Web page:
60 Eerie Declassified UFO Photos From The '60s and '70s

By Sarah Norman | February 6, 2024

In 1975, A UFO Stole Six Days Of Travis Walton's Life

UFOs sightings happen fairly frequently (at least according to UFO sighting witnesses), but in the 1960s and '70s, alien crafts were spotted almost every week throughout America and the rest of the Western world. The rise of inexpensive photography equipment helped witnesses make a better case for their sightings, and often these photos were able to provide evidence that an eyewitness testimony just can't offer. But in many cases of UFO encounters witnesses are either too awestruck to take action, or technology just doesn't work. These are just a few of the most exciting stories of UFO sightings from the 20th century. 

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The Travis Walton UFO sighting and abduction is a story that’s so intense that it serves as the basis for the film Fire In The Sky -- but the real story is even stranger than what Hollywood dreamed up.

On November 5, 1975, 22-year-old Walton and his logging crew were working in the woods of Turkey Springs, Arizona when they saw a bright light moving behind a hill. Upon inspection they saw a large silverly disc hovering above a clearing. While the rest of the crew stayed in their truck, Walton approached the craft and was struck by a beam of light and knocked to the ground. The logging crew fled the scene, and Walton's whereabouts were unknown for almost a week. He claims that his time away was spent in the disc-like craft and at a hangar, containing other similar craft. Walton said that he was examined and sedated by beings, some of whom were alien in appearance and others who seemed to be humans. After being put under sedation, Walton awoke outside a gas station in Heber, Arizona, thinking the episode had taken just a few hours. Despite persistent accusations that he’d made the whole thing up, Walton’s story has never changed.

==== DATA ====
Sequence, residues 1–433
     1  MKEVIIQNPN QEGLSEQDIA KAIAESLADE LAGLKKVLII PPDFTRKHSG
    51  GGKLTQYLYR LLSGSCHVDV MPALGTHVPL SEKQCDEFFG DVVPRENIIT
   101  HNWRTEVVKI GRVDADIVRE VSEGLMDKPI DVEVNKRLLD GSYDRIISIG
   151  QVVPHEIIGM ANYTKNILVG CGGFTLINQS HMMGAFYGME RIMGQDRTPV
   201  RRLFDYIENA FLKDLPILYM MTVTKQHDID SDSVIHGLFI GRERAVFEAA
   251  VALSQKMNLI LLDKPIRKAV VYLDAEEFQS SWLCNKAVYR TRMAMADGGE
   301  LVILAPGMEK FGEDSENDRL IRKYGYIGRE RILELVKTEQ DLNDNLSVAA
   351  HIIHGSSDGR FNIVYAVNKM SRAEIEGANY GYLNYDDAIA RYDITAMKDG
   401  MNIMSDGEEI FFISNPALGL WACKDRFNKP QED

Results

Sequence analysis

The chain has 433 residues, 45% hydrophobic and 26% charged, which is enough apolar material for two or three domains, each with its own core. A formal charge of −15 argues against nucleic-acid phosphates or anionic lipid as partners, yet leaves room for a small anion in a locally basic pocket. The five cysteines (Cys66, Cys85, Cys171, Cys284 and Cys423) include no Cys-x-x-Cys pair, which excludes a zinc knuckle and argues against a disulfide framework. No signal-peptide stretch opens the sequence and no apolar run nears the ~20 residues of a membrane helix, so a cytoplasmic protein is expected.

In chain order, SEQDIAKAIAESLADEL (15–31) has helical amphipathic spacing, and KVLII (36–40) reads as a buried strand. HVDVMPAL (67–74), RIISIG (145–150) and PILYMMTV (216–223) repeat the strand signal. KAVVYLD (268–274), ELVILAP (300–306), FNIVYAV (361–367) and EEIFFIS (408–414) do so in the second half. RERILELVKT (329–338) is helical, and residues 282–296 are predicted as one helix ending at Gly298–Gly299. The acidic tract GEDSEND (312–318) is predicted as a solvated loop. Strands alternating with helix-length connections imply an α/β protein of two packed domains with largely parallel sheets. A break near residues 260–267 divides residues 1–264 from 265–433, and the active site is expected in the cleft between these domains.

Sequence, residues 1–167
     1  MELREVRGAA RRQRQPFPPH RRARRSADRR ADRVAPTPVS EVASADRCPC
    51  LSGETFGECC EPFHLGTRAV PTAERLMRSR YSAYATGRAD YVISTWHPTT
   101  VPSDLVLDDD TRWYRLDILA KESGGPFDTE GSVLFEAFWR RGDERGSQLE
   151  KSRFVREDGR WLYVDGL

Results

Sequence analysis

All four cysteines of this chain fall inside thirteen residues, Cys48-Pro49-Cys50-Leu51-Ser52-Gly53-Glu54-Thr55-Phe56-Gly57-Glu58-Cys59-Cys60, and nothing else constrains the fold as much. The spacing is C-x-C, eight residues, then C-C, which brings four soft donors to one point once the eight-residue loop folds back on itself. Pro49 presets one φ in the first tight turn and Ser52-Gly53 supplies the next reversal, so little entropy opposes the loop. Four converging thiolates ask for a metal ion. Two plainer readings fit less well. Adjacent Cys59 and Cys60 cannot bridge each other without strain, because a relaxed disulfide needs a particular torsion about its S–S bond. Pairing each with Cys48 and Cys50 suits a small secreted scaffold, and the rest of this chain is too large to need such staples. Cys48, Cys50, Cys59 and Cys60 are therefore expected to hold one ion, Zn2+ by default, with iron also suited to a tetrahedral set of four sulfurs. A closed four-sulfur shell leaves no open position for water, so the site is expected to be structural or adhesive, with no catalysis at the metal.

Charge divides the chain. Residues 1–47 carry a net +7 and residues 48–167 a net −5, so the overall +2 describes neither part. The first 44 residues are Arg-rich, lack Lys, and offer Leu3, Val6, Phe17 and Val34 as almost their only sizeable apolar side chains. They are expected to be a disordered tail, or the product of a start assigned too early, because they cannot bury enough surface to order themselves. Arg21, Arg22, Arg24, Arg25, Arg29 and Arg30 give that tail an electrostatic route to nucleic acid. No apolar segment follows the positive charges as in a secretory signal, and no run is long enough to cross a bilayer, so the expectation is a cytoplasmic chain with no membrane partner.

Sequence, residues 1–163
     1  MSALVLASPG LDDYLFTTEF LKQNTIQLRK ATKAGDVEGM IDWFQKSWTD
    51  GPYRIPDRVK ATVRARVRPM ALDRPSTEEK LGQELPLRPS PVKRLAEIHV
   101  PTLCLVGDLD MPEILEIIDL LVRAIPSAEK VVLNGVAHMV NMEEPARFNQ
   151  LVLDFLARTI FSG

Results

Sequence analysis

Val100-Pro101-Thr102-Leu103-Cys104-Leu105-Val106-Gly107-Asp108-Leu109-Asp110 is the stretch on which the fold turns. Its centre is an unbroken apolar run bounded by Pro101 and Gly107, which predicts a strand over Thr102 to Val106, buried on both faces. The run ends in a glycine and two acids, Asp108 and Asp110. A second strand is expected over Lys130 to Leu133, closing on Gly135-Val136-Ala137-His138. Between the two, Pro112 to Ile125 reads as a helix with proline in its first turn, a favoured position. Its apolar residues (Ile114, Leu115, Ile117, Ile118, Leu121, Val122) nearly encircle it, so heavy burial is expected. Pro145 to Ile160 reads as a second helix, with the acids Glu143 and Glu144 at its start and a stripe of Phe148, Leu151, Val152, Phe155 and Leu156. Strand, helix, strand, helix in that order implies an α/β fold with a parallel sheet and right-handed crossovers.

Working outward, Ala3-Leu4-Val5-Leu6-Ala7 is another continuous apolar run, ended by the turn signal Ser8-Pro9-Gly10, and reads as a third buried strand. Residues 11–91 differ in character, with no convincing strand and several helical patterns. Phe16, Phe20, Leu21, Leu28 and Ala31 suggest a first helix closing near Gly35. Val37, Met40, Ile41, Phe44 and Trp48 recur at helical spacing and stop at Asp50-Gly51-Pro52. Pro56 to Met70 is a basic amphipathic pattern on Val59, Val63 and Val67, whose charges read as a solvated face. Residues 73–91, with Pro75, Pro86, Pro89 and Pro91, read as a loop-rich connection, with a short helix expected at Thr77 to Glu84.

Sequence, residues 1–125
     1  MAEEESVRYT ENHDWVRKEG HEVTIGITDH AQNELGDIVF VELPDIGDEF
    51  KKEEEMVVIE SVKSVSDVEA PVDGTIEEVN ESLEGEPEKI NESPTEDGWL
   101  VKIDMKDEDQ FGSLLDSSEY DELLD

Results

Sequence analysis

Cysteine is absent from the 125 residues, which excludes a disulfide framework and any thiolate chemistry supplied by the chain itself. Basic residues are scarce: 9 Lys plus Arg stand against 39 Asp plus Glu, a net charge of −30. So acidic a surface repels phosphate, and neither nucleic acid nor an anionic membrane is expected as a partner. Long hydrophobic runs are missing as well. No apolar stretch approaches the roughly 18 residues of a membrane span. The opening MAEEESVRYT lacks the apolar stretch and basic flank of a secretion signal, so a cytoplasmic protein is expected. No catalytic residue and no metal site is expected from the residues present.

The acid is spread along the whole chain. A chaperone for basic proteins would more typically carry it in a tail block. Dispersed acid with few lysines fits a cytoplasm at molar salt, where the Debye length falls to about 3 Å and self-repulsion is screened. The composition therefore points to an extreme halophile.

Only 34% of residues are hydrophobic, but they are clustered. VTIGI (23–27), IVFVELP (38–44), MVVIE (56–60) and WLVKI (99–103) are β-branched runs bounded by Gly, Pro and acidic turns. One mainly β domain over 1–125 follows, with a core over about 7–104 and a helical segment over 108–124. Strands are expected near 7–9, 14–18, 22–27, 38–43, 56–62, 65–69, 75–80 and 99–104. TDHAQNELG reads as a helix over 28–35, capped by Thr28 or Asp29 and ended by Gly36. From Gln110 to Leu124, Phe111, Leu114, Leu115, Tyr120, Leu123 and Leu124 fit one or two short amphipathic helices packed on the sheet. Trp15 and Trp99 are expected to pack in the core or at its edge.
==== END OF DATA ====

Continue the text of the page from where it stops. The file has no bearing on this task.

A picture of a flying saucer photographed by farmer Paul Trent, over his farm in Minnville, Ore., on May 11, 1950

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source: Corbis

The McMinnville UFO photographs, which have become a celebrated piece of extraterrestrial evidence, were captured by a farming couple, Paul and Evelyn Trent, in McMinnville, Oregon on May 11, 1950. The images were later featured in Life magazine and newspapers across the country, cementing their place in UFO history. Despite being labeled as a hoax by skeptics, many ufologists maintain that the photographs depict a genuine, three-dimensional, unidentified flying object in the sky.

According to an account by astronomer William K. Hartmann, Evelyn Trent was walking back to her farmhouse on the evening of May 11th after feeding her rabbits when she spotted a slow-moving, metallic disk-shaped object heading her way from the northeast. She called out to her husband Paul, who was inside the house, and he too witnessed the object. Paul quickly grabbed his camera and managed to snap two photographs before the object abruptly flew away towards the west. Paul's father also claimed to have seen the object briefly before it disappeared. Despite the ongoing debate over their authenticity, the McMinnville UFO photographs continue to be a source of fascination and intrigue for both believers and skeptics alike.